BRYSON, QC -- The Pontiac region of Quebec has tightened its borders on its residents, having citizens of each rural community stay within their boundaries.

Many towns in the region rely on surrounding larger cities for provisions, forcing towns with populations in the hundreds to make tough decisions.

In the town of Bryson, about an hour drive north-west of Ottawa, resident Lynne Spencer is counting meal worms, food, for a gift her family received from Santa, 14 years ago. A leopard-skin gecko.

Spencer has about two weeks worth of meals left for Sammy the lizard. With no pet stores in the town of 700 people, she would normally hop in her car and make the twenty minute drive to Renfrew, crossing at the Chenaux Dam.

“We cannot go anywhere, we can’t cross into Ontario,” Spencer says, sighting the cross-border checkpoints the Quebec government ordered at the beginning of April, in an effort to limit non-essential travel between the two provinces.

The obvious would be to go to Gatineau, a major hub with big-box stores and pet shops. Now, she can’t do that either. The Pontiac Region of the Outaouais has tightened restrictions even further, requiring residents from the surrounding rural communities to shelter-in-place.

“There’s always a roadblock in Quyon,” says Spencer, which is a short drive south of her town. “It’s the end of our MRC and going into the next one. This doesn’t allow us to go into Alymer or Hull.”

Many of the small communities in the area don’t have all the necessities for families, and the cost of food at many of the depanneurs, or corner store, are more expensive.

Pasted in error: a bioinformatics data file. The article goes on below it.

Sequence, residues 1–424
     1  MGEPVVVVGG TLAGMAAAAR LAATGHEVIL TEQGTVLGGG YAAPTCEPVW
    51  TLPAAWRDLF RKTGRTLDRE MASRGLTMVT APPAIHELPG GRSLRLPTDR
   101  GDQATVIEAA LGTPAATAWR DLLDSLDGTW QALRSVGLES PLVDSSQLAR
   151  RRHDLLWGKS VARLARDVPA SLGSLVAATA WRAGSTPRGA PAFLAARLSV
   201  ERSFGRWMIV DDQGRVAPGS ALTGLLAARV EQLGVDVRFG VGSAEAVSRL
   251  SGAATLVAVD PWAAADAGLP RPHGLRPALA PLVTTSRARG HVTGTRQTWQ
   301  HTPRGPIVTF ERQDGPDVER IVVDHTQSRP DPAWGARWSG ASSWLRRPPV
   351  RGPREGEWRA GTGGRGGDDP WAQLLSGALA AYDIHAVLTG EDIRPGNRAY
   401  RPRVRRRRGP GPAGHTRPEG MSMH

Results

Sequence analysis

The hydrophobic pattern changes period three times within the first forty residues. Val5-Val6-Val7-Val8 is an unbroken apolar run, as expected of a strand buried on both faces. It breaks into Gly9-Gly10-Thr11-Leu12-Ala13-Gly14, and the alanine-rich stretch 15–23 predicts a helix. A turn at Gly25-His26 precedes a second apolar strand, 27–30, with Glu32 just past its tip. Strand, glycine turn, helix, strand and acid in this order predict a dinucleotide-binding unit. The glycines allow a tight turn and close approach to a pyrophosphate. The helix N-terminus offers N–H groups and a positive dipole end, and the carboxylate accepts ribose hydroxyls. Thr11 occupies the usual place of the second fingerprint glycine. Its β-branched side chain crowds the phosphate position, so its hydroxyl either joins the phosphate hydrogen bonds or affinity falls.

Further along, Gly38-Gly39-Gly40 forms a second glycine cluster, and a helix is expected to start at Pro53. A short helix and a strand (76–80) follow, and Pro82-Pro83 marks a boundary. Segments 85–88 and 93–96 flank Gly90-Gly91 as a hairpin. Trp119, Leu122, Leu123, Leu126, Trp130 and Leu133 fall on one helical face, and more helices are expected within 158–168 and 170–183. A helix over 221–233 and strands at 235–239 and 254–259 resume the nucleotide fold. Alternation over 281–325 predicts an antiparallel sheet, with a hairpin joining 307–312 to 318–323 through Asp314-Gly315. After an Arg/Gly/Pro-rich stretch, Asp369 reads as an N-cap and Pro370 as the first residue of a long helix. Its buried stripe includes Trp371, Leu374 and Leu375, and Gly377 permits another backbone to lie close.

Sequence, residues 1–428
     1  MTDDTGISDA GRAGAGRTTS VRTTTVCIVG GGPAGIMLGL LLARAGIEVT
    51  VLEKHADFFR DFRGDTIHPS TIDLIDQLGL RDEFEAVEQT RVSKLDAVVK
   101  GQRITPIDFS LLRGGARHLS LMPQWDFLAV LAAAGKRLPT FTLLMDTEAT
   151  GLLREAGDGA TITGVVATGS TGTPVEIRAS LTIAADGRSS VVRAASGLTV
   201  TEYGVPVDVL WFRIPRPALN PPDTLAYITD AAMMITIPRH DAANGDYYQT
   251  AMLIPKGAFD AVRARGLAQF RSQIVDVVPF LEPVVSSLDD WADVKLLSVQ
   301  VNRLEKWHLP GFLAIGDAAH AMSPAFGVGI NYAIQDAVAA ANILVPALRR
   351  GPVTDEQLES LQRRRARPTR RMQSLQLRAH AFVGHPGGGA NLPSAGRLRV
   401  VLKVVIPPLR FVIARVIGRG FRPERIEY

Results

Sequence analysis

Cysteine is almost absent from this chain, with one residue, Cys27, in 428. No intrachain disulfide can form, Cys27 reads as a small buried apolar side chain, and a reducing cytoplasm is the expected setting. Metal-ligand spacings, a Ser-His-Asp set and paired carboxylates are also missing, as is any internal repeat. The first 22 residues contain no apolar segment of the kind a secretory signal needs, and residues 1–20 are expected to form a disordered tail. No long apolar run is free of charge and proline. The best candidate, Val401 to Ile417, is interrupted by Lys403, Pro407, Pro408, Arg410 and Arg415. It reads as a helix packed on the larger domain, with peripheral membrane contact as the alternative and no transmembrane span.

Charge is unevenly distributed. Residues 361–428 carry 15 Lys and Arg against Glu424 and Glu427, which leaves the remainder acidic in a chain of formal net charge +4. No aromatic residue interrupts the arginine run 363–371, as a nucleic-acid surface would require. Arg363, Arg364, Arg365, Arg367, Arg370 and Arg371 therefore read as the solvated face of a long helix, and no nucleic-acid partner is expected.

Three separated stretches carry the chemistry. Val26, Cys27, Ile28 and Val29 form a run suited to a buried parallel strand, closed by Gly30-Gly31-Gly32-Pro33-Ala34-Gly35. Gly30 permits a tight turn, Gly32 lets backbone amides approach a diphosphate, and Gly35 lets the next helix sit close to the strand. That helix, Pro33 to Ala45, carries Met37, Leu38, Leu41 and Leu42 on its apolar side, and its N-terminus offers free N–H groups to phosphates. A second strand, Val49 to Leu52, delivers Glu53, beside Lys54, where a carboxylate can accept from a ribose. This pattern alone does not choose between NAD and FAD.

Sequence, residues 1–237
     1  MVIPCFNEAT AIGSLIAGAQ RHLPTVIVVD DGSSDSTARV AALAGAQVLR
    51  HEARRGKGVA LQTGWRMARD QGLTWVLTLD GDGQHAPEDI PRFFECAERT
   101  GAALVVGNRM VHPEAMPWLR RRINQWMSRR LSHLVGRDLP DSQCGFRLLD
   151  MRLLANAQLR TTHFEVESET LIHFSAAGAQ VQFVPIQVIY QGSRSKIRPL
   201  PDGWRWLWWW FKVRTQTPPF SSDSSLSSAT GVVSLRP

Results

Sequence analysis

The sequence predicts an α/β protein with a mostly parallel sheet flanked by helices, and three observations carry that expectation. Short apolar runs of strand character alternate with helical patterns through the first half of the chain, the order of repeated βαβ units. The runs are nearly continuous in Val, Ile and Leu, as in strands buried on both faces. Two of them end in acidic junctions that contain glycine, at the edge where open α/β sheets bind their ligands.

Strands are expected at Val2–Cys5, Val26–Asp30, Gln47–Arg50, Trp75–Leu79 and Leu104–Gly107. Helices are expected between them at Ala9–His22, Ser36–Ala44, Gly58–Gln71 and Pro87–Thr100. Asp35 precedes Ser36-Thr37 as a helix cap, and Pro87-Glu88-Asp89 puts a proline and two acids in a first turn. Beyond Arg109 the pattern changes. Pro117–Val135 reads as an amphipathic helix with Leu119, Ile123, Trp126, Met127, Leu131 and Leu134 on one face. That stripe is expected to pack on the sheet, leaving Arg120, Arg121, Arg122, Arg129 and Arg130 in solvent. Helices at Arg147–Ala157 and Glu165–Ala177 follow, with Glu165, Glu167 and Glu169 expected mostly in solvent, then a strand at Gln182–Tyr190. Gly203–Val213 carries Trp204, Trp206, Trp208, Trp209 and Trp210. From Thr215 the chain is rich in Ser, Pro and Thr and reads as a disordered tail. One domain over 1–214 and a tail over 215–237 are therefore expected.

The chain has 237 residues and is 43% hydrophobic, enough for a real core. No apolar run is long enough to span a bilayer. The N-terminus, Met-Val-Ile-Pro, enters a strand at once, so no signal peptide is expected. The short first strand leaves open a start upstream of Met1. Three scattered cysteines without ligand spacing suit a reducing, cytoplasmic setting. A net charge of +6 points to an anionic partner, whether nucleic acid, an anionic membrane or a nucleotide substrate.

The Pontiac is made up of many small communities with local shops, many of which don’t have all the supplies the residents need.

“We’re looking at first of all trying to improve maybe the supply and pricing in the food stores that we have,” says Jane Toller.

Toller is the warden for MRC Pontiac. The area is large and the population, is not. There are 14,250 residents who live within the 18 municipalities. She says the restrictions are no doubt tough, but necessary.

“The Pontiac’s health is fragile,” she says. “We have the poorest health in the province of Quebec especially in the area of respiratory, circulatory, diabetes, cancer ... We’ve got the threat of a virus and we’re doing really well I believe.”

Toller believes that the controlled access points are making a difference, saying that they have less than five cases for 14 days in a row.

“In a perfect world where you have things at your fingertips there just not available right now and we’ll just have to be resourceful and manage.” Toller says.

For Spencer, she understands why the measures are in place, but questions if they may be too strict. She cannot feed Sammy wild crickets or worms, it would kill the lizard and mailing live worms isn’t an option as well.  

While she knows that Sammy is “just a gecko”, and not a human life, the though of seeing the family pet suffer would hurt. Spencer says “we just hate to see a living creature die.”